Close-up shot of George Washington imprinted on U.S. Currency

Bright & Early: Consequences of Bad Design

A video of my Bright & Early talk, “The Consequences of Bad Design,” was recently published. You can watch the whole video below.


There is an inherent cost to bad design that cannot be assigned an actual monetary value. In this talk, Stephen will introduce three scenarios where bad design decisions led to the loss of life, mass panic, and a metric crap-ton of your tax dollars — all problems that could have been easily solved by asking a simple question: “How might we?”


Featured Image by Sahand Hoseini on Unsplash

Field Notes Notebook

Lean UX Hypothesis Statement Template

I’m co-facilitating a corporate workshop in a few days around Lean UX Hypothesis building to accelerate the discovery (Gate 0) stage of the Stage-Gate® process.

I broke down Gothelf/Sieden’s hypothesis statement from Lean UX: Designing Great Products with Agile Teams into a three-part framework that should be easy for product managers to fill out:

  1. Hypothesis
  2. Experiments
  3. Validation


Lean UX Hypothesis Template

Blog featured image photo credit: Kari Shea

Airport UX Header

Airport User Research

Airport User Research may not seem like an efficient way to gather primary research. However, I’ve found them to be a great resource in helping to understand product-market fit and quickly gather early learnings, and have tried to incorporate this guerrilla research technique on a lot of my projects.

Emerson’s New Product Development (NPD) group thrives on early user research and feedback to usher projects through our Stage-Gate® process by using a build/measure/learn approach. The ability to quickly locate potential customers and gather qualitative and quantitative research has been instrumental in accelerating our time to market. To gather rapid feedback, we’ve had to get creative in how and where we can execute this research. Fortunately, every major city has an airport with a lot of foot traffic and a highly captive audience.

Cost effective user research

Stephen at DFW
That’s me in the green and blue shirt (but with a lot more hair) informally interviewing someone at DFW.

In a pinch, a marketing agency could go out on your behalf and survey customers matching your profile screen. That won’t square in my group – we vastly prefer primary research over secondary methods. We also highly value getting our team out of the building and face-to-face with people. One of our axioms is we do not pay consultants to know more about our customers and end-users than we do.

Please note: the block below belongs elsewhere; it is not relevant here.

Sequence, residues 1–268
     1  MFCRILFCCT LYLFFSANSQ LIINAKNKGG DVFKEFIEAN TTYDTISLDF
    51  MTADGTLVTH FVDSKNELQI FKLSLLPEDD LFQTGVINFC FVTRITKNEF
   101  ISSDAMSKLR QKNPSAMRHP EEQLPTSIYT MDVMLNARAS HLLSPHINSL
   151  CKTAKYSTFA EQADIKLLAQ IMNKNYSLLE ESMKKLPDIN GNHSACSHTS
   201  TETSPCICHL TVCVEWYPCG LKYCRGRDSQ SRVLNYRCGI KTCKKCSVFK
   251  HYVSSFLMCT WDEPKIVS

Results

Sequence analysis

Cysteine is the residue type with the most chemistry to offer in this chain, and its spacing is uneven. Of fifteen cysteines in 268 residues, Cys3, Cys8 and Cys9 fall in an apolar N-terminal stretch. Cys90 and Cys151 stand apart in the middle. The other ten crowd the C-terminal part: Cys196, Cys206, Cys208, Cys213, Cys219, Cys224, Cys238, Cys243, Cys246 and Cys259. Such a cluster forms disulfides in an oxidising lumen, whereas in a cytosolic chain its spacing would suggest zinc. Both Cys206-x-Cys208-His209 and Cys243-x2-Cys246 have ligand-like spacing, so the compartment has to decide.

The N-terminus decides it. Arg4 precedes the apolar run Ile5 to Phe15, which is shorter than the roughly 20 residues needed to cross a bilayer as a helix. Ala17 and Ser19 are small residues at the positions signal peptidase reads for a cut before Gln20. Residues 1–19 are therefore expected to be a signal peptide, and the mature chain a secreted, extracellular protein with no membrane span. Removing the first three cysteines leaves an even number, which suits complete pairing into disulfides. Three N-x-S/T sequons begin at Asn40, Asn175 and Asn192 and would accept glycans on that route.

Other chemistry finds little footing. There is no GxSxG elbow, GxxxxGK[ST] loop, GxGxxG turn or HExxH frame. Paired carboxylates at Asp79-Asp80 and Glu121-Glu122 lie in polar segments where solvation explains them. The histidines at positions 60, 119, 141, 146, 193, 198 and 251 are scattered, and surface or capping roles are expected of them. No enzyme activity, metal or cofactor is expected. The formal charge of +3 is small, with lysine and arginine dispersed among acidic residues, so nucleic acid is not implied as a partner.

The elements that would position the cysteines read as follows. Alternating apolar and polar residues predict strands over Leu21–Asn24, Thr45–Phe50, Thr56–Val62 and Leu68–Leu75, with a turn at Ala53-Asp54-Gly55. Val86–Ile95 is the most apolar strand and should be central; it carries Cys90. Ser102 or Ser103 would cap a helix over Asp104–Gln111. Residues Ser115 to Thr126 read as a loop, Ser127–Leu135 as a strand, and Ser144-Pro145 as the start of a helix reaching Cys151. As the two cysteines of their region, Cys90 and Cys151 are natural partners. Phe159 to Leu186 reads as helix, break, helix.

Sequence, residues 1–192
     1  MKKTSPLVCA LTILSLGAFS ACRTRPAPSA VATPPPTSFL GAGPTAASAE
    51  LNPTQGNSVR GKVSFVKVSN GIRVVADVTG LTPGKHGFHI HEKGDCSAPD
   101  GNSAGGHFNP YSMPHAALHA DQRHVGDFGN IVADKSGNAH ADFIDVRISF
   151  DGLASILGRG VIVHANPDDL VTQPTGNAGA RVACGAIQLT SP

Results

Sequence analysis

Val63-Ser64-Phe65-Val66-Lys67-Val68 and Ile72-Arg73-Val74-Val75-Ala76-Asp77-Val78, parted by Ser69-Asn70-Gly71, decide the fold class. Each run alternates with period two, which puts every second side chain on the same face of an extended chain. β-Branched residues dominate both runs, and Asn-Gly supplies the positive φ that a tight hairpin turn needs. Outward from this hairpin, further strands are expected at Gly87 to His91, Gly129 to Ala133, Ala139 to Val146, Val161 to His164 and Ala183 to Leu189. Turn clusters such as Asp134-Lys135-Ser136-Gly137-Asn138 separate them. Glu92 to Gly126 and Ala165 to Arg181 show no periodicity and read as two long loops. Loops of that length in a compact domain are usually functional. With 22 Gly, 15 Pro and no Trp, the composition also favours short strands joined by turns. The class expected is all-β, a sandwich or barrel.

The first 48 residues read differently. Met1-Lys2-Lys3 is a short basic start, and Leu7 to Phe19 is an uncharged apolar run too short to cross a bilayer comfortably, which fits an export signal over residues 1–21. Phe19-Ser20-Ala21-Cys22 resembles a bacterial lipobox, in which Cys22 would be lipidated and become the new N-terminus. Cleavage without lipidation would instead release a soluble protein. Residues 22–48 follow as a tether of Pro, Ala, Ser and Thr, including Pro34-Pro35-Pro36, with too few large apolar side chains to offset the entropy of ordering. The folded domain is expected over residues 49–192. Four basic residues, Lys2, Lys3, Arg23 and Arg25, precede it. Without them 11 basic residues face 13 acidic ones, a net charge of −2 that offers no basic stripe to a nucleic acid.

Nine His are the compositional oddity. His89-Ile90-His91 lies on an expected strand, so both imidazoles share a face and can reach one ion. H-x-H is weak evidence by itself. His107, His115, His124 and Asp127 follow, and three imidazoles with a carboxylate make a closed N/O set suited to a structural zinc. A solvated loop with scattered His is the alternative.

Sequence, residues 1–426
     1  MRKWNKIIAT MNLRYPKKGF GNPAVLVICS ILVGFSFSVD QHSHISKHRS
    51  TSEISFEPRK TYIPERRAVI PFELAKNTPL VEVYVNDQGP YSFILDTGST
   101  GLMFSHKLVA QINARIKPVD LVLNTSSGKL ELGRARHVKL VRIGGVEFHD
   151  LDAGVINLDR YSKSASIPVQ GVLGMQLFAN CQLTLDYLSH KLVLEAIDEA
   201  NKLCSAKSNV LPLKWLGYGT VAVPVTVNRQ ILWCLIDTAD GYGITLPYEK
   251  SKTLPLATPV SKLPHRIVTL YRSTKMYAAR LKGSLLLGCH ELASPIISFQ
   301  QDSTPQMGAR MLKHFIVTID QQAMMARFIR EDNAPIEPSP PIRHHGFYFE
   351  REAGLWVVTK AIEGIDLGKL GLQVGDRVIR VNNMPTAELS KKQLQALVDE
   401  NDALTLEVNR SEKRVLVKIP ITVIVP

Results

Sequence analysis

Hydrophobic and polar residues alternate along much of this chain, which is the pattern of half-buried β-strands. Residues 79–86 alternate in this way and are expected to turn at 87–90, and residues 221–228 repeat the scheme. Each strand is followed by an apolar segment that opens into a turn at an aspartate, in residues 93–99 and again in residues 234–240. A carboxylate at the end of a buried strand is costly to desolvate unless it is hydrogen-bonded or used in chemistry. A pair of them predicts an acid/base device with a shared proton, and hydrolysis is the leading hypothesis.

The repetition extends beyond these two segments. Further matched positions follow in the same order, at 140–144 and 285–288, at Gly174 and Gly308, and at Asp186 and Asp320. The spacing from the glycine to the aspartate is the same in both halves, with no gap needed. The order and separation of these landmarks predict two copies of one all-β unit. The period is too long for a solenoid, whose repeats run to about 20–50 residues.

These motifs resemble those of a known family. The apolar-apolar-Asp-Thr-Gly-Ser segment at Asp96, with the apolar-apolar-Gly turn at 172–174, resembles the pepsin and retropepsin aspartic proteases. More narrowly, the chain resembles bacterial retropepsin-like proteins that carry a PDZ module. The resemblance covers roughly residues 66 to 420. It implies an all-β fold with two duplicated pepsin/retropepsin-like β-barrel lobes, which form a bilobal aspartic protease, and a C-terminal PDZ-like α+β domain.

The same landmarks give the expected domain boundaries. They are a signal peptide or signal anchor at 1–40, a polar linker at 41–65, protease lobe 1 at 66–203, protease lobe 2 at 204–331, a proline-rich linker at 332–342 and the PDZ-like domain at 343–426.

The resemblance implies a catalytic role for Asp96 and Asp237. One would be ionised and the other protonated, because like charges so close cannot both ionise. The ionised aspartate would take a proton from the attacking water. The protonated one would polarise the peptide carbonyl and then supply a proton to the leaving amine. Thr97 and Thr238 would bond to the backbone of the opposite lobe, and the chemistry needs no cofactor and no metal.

The main drawback to hiring a marketing agency to execute the research is, predictably, the cost. I obtained a quote from a local agency to discuss the research project and propose how they would field a study. I was shocked to see the price tag in the tens of thousands of dollars.

No thank you.

We have fielded a few large-scale studies to help profile our target customer. Knowing the demographic clusters for our customer profiles, we opted to fly from St. Louis (STL) to Atlanta (ATL) and walk through Terminal A, B, and C to identify our target users and solicit their opinions and feedback on our proposed product design and features.

A flight from St. Louis to Atlanta – even purchased 12 hours before departure! – was $480. I took a product manager along with me on the trip, doubling the cost (but even with meals and incidentals we still came in under $1,000).

We departed at 6 am and returned at 3:30 pm, and engaged with over 100 people. Money, and time, well-spent.

Pre-screened audience (and not by TSA)

Having built the personas and written screeners for usability participants, I know our target customer’s background, wants and needs. Locating these individuals in the Atlanta Airport – the busiest airport in the world! – was not difficult.

So, why does the airport make so much sense? Well, the people traveling meet certain income thresholds. You are either traveling for work or pleasure, and air travel is not cheap. It’s also reasonably easy to use your powers of observation to spot wedding rings, business professional attire, and technology adoption.

Having a pre-screened audience at our disposal made for an easy and somewhat enjoyable day of research. I was even able to close all of my Apple Watch activity rings!


We brought physical prototypes with us on a powered board and set off to the last gate in Terminal A to set up shop. Arriving early, we connected to the free ATL Wi-Fi and loaded our Surveys on two iPads we brought with us to capture feedback.

It didn’t take long before we had a full gate of users either de-planing or waiting to board. At ATL, there’s also a good chance that passengers will have a lengthy delay, so you’ll (literally!) have a captive audience.

In the end, we captured 107 data points that helped inform a product decision. And, at a hair under $1,000, saved the company a considerable amount of money.

I’d love to hear from you – where is the most out-there place you’ve conducted VOC research?

Tech on Tap: Designing connected products

Hey, I gave a talk at Schlafly Bottleworks on designing connected products.

Designing IoT details the trials and tribulations of designing connected products in a highly-competitive industry. The talk covers the UCD process, as well as the types of research conducted, to bring the Sensi Touch thermostat to market.

The Sensi Touch smart thermostat was one of the large initiatives I was responsible for delivering while employed at Emerson.